We study how import liberalization affects formal employment across gender. The theory offers a mechanism to explain how male and female formal employment shares can respond differently to trade liberalization through labor reallocation across tradable and non-tradable sectors. Using Mexican data over the period 1993-2001, we find that Mexican tariff cuts increase the probability of working formally for both men and women within 4-digit manufacturing industries. The formalization of jobs within tradable sectors is driven by large firms. Constructing a regional tariff measure, we find that regional exposure to import liberalization increases the probability of working formally in the manufacturing sector for both men and women, and especially for men. However in the service sectors, the probability of working formally decreases for low-skilled women.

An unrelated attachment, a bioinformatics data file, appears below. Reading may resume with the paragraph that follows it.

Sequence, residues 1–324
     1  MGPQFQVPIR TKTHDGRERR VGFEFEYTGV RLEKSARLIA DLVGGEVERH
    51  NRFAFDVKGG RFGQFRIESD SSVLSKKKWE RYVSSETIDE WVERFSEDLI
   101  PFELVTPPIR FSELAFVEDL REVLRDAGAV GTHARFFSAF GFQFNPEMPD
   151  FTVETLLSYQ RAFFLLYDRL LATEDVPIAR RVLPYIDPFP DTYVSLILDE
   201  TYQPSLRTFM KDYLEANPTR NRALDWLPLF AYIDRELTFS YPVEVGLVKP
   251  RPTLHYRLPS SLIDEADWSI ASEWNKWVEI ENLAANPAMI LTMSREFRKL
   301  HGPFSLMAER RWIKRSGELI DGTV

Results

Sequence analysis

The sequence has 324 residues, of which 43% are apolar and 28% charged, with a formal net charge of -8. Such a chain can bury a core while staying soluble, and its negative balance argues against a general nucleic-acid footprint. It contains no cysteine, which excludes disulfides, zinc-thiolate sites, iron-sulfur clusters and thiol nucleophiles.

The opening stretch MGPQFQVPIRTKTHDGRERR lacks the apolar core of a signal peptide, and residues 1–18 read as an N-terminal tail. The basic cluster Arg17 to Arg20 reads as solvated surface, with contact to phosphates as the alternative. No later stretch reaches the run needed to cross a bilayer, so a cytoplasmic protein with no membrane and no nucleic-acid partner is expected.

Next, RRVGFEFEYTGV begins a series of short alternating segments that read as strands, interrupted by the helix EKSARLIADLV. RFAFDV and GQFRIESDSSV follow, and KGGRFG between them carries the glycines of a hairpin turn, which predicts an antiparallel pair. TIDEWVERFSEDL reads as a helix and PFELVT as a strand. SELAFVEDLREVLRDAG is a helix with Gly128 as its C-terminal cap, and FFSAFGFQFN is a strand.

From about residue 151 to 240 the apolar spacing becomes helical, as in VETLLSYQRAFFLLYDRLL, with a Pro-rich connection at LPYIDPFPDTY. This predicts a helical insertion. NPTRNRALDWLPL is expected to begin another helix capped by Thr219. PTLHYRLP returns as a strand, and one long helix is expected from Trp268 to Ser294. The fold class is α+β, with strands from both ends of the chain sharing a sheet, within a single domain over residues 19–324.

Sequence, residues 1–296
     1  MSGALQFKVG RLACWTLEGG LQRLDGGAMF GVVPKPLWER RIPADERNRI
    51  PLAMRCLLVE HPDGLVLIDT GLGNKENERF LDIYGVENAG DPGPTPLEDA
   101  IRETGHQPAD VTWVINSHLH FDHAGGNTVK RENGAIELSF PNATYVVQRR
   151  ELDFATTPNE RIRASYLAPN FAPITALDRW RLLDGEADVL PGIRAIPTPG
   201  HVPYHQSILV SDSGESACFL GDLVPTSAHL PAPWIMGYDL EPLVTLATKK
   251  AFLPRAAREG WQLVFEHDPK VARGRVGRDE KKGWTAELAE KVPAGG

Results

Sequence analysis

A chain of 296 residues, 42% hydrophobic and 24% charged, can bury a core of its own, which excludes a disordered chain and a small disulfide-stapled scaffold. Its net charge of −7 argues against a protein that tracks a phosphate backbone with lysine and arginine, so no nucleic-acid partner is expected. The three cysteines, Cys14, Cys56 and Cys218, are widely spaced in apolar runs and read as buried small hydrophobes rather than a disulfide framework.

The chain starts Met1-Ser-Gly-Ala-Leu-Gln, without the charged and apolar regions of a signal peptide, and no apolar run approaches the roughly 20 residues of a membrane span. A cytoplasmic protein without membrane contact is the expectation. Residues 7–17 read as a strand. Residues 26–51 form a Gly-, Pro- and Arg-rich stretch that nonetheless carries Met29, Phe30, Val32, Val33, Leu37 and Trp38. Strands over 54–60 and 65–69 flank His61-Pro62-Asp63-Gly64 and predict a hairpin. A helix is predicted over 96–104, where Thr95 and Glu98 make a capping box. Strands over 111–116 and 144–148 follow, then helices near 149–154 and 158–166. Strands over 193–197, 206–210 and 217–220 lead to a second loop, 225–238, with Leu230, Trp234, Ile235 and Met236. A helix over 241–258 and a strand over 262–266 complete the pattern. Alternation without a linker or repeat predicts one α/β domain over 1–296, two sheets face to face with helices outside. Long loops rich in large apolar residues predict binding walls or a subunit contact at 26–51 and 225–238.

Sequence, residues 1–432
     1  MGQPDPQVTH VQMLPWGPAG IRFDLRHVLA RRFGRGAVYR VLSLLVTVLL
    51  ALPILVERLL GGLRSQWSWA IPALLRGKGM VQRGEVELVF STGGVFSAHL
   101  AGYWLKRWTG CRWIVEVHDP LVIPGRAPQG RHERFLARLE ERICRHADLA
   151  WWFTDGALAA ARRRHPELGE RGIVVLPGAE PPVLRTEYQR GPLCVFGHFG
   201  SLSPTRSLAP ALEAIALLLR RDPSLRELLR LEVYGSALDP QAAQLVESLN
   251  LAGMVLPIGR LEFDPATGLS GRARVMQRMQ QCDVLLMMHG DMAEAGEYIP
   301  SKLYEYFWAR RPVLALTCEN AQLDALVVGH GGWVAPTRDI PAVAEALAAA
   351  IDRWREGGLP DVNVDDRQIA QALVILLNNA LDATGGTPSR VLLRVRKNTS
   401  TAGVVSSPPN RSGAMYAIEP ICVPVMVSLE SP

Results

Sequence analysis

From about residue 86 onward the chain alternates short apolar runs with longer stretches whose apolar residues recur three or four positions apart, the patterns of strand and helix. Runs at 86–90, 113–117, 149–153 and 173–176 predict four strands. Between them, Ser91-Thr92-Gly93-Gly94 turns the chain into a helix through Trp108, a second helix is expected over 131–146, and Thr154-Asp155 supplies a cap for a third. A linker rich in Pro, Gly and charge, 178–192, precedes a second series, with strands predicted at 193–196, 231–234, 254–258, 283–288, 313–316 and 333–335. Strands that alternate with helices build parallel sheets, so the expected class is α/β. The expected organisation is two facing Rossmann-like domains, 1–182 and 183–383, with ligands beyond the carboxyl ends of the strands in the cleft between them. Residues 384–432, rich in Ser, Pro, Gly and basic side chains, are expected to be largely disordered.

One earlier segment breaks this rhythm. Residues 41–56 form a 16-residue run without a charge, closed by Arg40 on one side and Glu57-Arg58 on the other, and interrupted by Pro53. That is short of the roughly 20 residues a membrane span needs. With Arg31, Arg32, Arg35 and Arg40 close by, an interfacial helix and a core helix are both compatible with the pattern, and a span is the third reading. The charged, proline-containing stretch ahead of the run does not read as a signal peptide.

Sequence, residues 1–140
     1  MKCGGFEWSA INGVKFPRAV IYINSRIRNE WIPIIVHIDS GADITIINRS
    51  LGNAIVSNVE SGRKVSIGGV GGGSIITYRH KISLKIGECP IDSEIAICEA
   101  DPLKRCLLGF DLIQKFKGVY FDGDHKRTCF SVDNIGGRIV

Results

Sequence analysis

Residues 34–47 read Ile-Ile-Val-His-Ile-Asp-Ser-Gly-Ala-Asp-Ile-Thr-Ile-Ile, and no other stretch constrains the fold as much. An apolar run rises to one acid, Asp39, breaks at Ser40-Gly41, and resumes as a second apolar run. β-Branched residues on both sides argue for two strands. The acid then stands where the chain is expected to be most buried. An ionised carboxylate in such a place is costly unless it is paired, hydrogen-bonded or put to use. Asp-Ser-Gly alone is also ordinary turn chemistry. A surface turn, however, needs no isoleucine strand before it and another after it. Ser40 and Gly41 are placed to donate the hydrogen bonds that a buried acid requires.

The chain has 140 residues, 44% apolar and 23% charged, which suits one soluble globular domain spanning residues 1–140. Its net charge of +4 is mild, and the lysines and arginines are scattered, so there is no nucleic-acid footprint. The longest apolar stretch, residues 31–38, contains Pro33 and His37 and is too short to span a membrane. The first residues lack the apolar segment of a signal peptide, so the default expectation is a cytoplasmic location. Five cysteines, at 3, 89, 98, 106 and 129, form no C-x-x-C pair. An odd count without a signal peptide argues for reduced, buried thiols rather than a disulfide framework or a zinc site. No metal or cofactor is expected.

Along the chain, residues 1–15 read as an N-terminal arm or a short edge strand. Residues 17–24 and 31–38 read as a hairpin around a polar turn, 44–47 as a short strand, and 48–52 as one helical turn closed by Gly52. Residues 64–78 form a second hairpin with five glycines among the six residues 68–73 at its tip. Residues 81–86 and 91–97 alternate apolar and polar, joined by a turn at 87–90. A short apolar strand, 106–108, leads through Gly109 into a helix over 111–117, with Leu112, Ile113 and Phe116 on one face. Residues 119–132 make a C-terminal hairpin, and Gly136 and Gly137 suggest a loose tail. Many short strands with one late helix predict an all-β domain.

Ben Yahmed, Sarra und Pamela Bombarda (2019), Gender, Informal Employment and Trade Liberalization in Mexico, The World Bank Economic Review 34(2), 259–283. Download


Ben Yahmed, Sarra
Bombarda, Pamela


Formal and informal labor, gender, trade liberalization, Mexico